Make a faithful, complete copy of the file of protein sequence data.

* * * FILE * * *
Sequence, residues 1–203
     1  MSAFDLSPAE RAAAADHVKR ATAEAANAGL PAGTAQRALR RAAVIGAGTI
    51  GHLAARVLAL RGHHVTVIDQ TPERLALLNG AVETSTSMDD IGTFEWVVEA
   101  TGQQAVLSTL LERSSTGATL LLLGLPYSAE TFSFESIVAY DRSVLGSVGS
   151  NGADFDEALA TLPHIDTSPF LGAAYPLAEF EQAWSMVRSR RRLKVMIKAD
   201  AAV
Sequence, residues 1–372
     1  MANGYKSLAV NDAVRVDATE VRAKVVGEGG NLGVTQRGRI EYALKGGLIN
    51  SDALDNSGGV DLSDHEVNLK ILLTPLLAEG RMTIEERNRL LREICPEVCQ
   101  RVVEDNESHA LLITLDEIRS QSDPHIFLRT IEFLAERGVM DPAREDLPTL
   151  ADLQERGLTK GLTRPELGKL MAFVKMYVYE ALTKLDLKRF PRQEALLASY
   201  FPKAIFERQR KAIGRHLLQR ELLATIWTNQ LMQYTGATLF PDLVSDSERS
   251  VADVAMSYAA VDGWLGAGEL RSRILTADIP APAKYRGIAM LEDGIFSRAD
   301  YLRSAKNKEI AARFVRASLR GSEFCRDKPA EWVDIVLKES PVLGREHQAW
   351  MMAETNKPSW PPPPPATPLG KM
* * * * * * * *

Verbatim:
Sequence, residues 1–203
     1  MSAFDLSPAE RAAAADHVKR ATAEAANAGL PAGTAQRALR RAAVIGAGTI
    51  GHLAARVLAL RGHHVTVIDQ TPERLALLNG AVETSTSMDD IGTFEWVVEA
   101  TGQQAVLSTL LERSSTGATL LLLGLPYSAE TFSFESIVAY DRSVLGSVGS
   151  NGADFDEALA TLPHIDTSPF LGAAYPLAEF EQAWSMVRSR RRLKVMIKAD
   201  AAV
Sequence, residues 1–372
     1  MANGYKSLAV NDAVRVDATE VRAKVVGEGG NLGVTQRGRI EYALKGGLIN
    51  SDALDNSGGV DLSDHEVNLK ILLTPLLAEG RMTIEERNRL LREICPEVCQ
   101  RVVEDNESHA LLITLDEIRS QSDPHIFLRT IEFLAERGVM DPAREDLPTL
   151  ADLQERGLTK GLTRPELGKL MAFVKMYVYE ALTKLDLKRF PRQEALLASY
   201  FPKAIFERQR KAIGRHLLQR ELLATIWTNQ LMQYTGATLF PDLVSDSERS
   251  VADVAMSYAA VDGWLGAGEL RSRILTADIP APAKYRGIAM LEDGIFSRAD
   301  YLRSAKNKEI AARFVRASLR GSEFCRDKPA EWVDIVLKES PVLGREHQAW
   351  MMAETNKPSW PPPPPATPLG KM